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Chapter Seven shows that the event for Nancy includes Nancy’s notion of touching.
Derrida (1994, p. 63).
In contrast, Jean Grondin argues that contemporary ontology’s interest with the event is a “replacement theology” for a secular, nominalist age (Grondin 2014, pp. 63–69).
Heidegger (2012, p. 23).
Quoted from Agamben (1993, p. 32).
Agamben, Giorgio. 1993. The coming community. Translated by Michael Hardt. Minneapolis, MN: University of Minnesota Press.
Caputo, John D. 2006. The weakness of God: A theology of the event. Bloomington, IN: Indiana University Press.
Caputo, John D. 2013. The insistence of God: A theology of perhaps. Bloomington, IN: Indiana University Press.
Crocket, Clayton, et al. (eds.). 2014. The future of continental philosophy of religion. Bloomington, IN: Indiana University Press.
Derrida, Jacques. 1994. Specters of Marx. Translated by Peggy Kamuf. New York: Routledge.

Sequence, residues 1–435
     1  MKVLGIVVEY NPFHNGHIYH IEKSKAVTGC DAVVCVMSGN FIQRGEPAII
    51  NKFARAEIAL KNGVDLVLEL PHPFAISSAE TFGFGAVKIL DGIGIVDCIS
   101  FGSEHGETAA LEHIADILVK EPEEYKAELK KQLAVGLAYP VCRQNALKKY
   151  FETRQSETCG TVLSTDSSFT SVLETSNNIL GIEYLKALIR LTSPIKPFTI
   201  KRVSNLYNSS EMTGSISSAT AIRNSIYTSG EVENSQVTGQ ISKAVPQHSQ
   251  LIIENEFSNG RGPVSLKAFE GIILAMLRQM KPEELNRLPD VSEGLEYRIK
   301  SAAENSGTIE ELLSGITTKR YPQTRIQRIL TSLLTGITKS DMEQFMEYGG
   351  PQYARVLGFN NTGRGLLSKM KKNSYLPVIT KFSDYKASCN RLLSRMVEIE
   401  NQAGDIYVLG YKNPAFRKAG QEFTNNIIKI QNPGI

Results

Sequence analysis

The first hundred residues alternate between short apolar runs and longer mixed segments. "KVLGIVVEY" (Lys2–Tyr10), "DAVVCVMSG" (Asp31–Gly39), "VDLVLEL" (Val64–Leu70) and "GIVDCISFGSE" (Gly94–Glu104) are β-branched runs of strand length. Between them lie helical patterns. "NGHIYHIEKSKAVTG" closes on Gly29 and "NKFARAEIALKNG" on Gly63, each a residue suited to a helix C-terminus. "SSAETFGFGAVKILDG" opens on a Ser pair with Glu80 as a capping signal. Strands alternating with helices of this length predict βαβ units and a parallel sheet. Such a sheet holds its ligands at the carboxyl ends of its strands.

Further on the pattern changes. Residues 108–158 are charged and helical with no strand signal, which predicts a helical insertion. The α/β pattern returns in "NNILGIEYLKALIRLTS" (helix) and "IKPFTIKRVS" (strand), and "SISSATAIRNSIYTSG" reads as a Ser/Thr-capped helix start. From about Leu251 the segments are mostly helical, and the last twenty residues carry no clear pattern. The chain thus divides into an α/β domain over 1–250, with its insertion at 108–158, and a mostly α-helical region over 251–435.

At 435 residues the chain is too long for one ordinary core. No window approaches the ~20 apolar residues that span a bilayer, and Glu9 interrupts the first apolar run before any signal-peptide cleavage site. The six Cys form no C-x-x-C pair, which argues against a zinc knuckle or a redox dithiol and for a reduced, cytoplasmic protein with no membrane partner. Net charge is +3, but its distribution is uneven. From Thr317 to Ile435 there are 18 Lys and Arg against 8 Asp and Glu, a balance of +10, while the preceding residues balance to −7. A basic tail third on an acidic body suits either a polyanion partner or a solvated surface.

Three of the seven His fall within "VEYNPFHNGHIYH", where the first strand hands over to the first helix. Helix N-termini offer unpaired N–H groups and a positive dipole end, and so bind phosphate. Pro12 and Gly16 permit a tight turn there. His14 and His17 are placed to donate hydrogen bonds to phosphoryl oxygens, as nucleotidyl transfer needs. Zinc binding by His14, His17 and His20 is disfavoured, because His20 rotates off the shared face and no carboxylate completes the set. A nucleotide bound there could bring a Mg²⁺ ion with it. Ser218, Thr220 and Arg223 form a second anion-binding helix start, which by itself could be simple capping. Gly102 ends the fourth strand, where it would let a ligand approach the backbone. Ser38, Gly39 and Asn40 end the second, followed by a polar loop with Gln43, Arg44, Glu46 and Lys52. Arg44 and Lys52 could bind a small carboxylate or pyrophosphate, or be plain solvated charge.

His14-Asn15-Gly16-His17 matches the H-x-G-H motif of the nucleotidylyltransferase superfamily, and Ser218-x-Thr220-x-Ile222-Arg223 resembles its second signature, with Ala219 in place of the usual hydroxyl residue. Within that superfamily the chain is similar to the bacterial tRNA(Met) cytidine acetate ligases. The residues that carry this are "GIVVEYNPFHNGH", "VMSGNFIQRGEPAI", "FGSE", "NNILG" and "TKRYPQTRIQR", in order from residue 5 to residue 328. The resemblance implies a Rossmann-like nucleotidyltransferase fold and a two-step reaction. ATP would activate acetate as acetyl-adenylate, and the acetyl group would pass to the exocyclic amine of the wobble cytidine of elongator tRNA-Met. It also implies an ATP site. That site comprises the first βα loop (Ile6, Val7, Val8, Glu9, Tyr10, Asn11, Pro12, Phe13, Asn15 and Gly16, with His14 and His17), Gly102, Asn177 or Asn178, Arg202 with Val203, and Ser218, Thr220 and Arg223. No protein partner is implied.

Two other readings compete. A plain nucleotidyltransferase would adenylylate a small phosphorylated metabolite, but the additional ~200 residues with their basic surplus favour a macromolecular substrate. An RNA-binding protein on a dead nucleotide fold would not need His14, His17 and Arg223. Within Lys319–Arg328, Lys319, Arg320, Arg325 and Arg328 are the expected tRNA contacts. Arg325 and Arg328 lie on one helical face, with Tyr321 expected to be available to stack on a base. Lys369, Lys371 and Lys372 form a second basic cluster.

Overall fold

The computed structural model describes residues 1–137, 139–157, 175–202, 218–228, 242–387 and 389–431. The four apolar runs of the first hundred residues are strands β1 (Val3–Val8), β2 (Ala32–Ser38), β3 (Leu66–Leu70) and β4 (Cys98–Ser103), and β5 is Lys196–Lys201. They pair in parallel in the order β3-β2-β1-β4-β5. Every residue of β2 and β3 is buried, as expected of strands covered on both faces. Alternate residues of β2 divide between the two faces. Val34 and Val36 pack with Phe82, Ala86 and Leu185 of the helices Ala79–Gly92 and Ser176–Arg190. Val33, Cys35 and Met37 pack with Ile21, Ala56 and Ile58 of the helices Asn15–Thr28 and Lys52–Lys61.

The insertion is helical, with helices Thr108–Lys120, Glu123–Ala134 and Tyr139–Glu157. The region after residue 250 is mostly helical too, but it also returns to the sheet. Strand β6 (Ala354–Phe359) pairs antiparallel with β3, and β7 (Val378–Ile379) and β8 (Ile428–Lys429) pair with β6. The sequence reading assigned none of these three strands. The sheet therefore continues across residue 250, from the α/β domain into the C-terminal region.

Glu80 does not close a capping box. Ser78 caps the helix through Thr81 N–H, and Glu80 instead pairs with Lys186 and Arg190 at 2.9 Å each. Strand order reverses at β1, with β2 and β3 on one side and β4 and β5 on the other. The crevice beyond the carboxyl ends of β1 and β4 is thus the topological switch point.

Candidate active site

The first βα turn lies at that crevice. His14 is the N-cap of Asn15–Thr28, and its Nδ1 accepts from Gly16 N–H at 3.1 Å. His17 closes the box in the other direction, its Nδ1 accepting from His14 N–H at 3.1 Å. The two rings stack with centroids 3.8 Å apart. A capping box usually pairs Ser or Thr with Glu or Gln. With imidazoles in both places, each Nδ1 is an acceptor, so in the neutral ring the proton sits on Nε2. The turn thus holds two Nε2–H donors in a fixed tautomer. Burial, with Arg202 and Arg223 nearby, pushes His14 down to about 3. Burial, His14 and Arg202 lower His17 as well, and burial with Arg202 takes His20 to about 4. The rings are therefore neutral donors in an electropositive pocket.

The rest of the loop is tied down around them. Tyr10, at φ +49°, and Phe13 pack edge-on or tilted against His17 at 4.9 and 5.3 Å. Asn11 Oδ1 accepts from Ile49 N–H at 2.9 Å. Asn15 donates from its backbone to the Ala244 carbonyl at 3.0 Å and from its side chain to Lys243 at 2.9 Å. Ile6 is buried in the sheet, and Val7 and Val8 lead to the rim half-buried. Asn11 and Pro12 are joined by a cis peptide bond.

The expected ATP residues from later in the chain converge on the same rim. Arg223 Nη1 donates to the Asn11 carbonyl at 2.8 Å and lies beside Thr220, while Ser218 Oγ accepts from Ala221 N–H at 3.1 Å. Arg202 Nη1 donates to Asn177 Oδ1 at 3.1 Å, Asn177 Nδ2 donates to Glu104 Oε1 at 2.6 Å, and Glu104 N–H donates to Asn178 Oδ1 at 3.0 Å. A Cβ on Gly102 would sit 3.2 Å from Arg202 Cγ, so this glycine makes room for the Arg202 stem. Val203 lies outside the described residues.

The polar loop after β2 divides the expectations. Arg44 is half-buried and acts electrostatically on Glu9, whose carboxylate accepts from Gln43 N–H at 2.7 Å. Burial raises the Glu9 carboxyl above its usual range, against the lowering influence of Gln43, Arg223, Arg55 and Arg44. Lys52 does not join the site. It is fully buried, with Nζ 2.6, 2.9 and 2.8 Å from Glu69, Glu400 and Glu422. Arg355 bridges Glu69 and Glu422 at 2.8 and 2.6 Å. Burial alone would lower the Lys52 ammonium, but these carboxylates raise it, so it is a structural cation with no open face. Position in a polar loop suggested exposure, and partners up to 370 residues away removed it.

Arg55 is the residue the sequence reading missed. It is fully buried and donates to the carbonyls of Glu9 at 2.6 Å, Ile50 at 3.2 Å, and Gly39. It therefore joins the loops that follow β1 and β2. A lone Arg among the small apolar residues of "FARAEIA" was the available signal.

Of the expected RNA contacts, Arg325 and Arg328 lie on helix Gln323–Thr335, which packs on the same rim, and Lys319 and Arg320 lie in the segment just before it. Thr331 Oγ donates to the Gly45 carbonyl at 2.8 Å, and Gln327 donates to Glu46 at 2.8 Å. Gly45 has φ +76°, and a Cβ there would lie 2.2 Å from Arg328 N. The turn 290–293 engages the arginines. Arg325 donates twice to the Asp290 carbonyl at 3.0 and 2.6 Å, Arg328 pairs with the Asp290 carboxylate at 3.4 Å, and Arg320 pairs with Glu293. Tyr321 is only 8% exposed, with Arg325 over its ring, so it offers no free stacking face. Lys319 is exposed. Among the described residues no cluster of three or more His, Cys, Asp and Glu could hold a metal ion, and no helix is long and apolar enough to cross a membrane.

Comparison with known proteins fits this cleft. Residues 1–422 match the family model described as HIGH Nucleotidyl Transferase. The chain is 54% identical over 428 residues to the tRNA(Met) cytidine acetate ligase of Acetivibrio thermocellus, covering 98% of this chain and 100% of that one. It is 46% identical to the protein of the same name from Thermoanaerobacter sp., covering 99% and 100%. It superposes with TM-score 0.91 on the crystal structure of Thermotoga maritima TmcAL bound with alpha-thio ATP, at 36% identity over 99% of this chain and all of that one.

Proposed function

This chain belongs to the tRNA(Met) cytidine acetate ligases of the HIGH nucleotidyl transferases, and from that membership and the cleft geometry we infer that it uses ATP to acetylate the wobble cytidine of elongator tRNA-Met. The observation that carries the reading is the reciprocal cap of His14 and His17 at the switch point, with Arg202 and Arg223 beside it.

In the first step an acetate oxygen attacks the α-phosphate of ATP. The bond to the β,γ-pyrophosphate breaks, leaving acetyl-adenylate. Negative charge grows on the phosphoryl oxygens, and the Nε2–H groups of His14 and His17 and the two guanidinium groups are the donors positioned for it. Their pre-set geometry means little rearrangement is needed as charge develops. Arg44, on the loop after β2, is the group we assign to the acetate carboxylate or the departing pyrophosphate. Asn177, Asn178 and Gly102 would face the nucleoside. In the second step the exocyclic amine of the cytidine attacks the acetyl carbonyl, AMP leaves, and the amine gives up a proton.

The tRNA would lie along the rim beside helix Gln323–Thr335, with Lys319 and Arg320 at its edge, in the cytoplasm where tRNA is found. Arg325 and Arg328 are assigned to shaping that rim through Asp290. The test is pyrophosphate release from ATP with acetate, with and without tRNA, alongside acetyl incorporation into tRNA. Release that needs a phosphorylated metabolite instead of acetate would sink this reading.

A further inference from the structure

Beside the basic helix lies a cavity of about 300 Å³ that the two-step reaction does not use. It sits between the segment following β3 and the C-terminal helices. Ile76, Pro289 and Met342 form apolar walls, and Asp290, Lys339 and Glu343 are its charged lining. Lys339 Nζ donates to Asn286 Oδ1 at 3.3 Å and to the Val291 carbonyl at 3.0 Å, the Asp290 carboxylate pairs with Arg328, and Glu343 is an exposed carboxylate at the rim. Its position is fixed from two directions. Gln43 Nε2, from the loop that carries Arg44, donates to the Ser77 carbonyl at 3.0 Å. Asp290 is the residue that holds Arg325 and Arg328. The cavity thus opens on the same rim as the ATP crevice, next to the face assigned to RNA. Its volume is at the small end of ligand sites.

Grondin, Jean. 2014. In any event? Critical remarks on the recent fascination with the notion of the event. In Being Shaken: Ontology and the event, ed. Michael Marder, and Santiago Zabala, 63–69. New York: Palgrave Macmillan.
Heidegger, Martin. 2012. Contributions to philosophy: Of the event. Translated by Richard Rojcewicz and Daniela Vallega-Neu. Bloomington, IN: Indiana University Press.
Marion, Jean-Luc. 1991. God without being. Translated by Thomas A. Carlson. Chicago, IL: Chicago University Press.
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Bechtol, H. Gert-Jan van der Heiden: Ontology after Ontotheology: Plurality, Event, and Contingency in Contemporary Philosophy. Cont Philos Rev 48, 497–504 (2015). https://doi.org/10.1007/s11007-015-9351-3